Songs from internationally known composers such as Astor Piazzolla, Carlos Gardel and Alex North were played as well as own compositions from Kraayenhof and from his piano player, Juan Pablo Dobal. A total of seventeen musical pieces were ‘served’ to the audience in a mix of different influences, origins and time periods. An abundance of music styles and moments in time were presented where, certainly, the Argentine tango was the highlight. Kraayenhof explained the origins of the bandoneón and its functionality. During the Second World War period most of the bandoneóns were ruined by the Nazi-Germans, but some made it by boat to Argentina where the instrument was ‘reborn’ and grew to be a national pride. “This is not an accordion. An accordion has chords, that is not how this instrument works. Here, both sides of the instrument must be played, and that is quite difficult. Honestly either you have to be totally drunk or extremely sober to be able to play the bandoneón… in which state I am in right now I am not going to tell you”, joked Kraayenhof. He also spoke about the well-known composer Gardel, who passed away in 1935 in a plane crash. Gardel played in Curaçao just before his accident. Gardel also discovered Piazolla, who was back then still too young and was not allowed by his father to tour with Gardel. “If he had indeed joined Gardel on tour, I would have never met Piazolla”. The bandoneón player patched more Curaçao and our local culture in his program by mentioning Tula’s history and by playing a piece of the Aruban composer Rufo Wever. A highlight of emotions was during in the encore, when the Sexteto Canyengue played a beautiful version of ‘Atardi Korsou ta Bunita’. Many in the audience allowed the words of this song escape through their lips. With this tribute to one of our local anthems the Dutch bandoneón player stroke our hearts and was embraced by the audience. Last weekend’s concert in Curaçao was organized by Curaçaoan Kunstkring (cultural group) together with the Cultural Comité Fortkerk. Several sponsors played part on this event, including the Prins Bernhard Cultuurfonds Caribbean Region.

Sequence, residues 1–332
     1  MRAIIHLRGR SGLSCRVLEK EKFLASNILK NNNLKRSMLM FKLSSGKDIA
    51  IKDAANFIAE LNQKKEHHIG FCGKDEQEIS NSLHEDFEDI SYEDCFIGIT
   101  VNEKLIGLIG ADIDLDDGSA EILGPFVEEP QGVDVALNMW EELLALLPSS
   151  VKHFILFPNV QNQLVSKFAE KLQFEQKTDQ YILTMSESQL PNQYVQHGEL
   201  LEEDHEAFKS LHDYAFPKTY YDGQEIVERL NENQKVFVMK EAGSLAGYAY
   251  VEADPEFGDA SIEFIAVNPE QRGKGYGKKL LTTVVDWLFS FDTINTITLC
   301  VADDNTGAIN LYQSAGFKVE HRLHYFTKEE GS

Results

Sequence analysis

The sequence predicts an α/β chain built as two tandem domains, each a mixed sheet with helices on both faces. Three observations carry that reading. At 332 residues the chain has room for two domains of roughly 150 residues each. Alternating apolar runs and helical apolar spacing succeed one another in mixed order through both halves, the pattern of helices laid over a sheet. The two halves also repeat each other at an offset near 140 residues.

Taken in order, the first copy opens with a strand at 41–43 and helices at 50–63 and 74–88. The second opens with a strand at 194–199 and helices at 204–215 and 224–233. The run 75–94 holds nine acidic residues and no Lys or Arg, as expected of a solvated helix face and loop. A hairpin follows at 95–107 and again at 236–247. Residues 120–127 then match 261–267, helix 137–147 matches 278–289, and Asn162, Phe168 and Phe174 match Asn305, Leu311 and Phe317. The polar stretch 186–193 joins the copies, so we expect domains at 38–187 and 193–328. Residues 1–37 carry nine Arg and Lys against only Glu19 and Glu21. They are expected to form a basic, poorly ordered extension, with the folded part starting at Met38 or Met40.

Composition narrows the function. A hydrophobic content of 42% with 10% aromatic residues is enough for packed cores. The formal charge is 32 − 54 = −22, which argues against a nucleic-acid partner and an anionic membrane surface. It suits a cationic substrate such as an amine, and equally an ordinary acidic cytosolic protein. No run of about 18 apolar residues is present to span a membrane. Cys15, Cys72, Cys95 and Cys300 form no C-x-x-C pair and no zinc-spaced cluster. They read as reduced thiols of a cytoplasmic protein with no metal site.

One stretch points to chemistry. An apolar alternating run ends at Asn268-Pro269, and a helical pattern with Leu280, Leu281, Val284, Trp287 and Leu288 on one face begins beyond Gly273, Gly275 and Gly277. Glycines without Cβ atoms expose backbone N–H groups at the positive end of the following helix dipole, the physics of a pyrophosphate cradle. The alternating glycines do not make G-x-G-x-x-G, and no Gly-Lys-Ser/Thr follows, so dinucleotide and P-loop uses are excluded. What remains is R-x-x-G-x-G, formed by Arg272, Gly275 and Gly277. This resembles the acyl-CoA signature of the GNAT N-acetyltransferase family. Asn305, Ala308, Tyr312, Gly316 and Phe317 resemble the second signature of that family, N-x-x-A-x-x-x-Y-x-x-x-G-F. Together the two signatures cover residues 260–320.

Today a free school concert will take place and tonight Kraayenhof will play once again, this time at the Governor’s House in Punda. Tickets are still available at Mensing’s caminada.

 

Elodie Voorbraak